In the current political climate, where nobody in any position of power seems to ever be held accountable for their actions, it’s hard to believe that not even three decades ago a political candidate could have their hopes dashed overnight over idle gossip. In The Front Runner, director Jason Reitman (Juno, Labor Day, Tully) takes us back to the 1988 US presidency primaries which saw one of the first scandals of its type put an end to a political career without any substantial evidence.

On paper, presidential candidate Gary Hart (Hugh Jackman) is exactly the kind of man the Democrats have been waiting for since JFK. He is smart, good-looking, and more importantly, genuinely motivated by wanting to help people. Considered by most observers to be the candidate most likely to beat his Republican counterpart, Hart soon finds himself in the middle of a scandal which was to mark a turning point in the relationship between media outlets and politicians.

After decades of sticking to the unofficial code of turning the blind-eye on extramarital affairs, even outlets such as the Washing Post soon find themselves in a competitive market in which a good headline could make or break a newspaper. When a local reporter from the Miami Herald receives an anonymous tip-off informing him that Hart may be conducting an affair behind his wife’s back, the paper sends in a small team of reporters to stake-out Hart’s DC home in he hope of catching him in the act. This soon results in a very public confrontation between the politician and the reporters in a dark alleyway behind his home. The next day, Hart finds himself having to fend off questions about his own integrity and on whether he can be trusted by the voters to deliver on his promise to always be honest and open.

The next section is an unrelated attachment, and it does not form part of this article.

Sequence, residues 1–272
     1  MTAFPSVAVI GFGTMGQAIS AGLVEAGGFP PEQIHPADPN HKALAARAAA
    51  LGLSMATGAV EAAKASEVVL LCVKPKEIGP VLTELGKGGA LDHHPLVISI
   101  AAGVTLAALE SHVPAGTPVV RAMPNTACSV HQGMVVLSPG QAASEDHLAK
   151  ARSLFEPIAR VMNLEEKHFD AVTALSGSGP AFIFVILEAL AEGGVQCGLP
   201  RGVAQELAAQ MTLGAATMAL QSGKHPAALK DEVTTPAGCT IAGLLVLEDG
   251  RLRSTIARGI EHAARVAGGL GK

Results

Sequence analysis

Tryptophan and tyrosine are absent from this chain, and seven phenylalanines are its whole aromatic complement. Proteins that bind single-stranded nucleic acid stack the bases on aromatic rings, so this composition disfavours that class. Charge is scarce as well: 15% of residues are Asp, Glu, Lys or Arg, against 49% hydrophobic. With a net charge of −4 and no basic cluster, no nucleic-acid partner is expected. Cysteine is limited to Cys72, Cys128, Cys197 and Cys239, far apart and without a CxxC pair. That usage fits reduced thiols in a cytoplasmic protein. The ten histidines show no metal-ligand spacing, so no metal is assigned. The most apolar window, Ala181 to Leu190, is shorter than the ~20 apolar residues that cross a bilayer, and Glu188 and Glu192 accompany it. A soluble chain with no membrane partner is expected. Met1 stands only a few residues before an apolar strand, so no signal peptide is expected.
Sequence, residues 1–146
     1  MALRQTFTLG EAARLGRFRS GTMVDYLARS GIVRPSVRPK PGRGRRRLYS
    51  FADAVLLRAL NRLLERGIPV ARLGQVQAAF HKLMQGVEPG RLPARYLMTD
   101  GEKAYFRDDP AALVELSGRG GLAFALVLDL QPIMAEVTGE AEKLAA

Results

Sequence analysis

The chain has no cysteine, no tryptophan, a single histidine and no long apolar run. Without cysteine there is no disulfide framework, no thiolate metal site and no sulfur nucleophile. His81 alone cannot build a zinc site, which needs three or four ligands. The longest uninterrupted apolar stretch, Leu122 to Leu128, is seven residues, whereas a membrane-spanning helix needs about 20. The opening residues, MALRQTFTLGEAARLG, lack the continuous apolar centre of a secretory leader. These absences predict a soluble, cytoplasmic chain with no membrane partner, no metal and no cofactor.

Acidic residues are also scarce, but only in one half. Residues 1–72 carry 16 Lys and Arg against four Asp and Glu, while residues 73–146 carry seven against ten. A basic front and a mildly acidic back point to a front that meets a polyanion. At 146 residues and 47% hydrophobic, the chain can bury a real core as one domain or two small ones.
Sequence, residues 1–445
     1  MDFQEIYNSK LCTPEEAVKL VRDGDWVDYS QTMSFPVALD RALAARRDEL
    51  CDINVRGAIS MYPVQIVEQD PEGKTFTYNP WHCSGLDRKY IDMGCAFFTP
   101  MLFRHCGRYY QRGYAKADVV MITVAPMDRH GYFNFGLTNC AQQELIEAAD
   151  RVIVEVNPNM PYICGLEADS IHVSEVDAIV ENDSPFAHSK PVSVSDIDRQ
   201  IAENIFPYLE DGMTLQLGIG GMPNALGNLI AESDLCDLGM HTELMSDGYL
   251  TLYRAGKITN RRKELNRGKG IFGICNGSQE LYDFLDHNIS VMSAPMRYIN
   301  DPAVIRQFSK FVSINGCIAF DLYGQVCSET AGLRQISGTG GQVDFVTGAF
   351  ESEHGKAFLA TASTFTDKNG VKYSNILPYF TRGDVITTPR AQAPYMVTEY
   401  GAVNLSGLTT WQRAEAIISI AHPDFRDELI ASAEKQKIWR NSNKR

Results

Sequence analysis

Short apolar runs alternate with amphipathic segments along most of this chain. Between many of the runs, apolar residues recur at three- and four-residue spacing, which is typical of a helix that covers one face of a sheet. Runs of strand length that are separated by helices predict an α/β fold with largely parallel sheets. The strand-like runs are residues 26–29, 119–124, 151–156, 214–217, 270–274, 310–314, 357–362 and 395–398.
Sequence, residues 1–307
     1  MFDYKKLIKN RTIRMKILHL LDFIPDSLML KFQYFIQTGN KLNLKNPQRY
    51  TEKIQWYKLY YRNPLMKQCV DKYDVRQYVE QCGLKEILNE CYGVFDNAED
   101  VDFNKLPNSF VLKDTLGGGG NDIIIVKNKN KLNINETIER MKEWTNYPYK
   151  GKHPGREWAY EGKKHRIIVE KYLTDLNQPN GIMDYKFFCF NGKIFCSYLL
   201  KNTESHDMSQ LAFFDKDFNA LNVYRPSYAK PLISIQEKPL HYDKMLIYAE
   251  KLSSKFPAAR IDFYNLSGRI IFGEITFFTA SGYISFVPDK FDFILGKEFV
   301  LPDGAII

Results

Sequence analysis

Capitalising on the current trends for films that deliberately want to achieve the look of the period they were set in, Reitman does a fantastic job in replicating the era almost exactly how it’s remembered but those who lived it. With its low resolution and hand-held grainy quality, The Front Runner not only pays homage to the great political dramas of the 70s, but it also manages to go the extra mile by offering an aesthetic which is as close to those films as one can expect.

Jackman gives a measured and wonderfully subtle turn as Gary Hart, he offers the former presidential hopeful as a man of integrity and poise without ever resorting to imitation. Elsewhere Vera Farmiga gives yet another brilliant performance as Hart’s long suffering wife Lee, while Oscar winner J.K. Simmons does a fantastic job as Hart’s campaign boss Bill Dixon. Other noteworthy performances come courtesy of the brilliant Mamoudou Athie, whose scene-stealing turn as wide-eye young reporter A.J. Parker is as pivotal to the narrative as that of Oliver Cooper’s turn as campaign aid Joe Trippi.

Overall, The Front Runner presents a brilliantly well-devised and fantastically executed screenplay courtesy of Matt Bai and Jay Carson who stop at nothing in their quest for authenticity. And while Reitman’s deliberate nod to the past might seem a little gimmicky to some, in reality the film does a fantastic job in bringing an important subject to the forefront especially in these uncertain political times.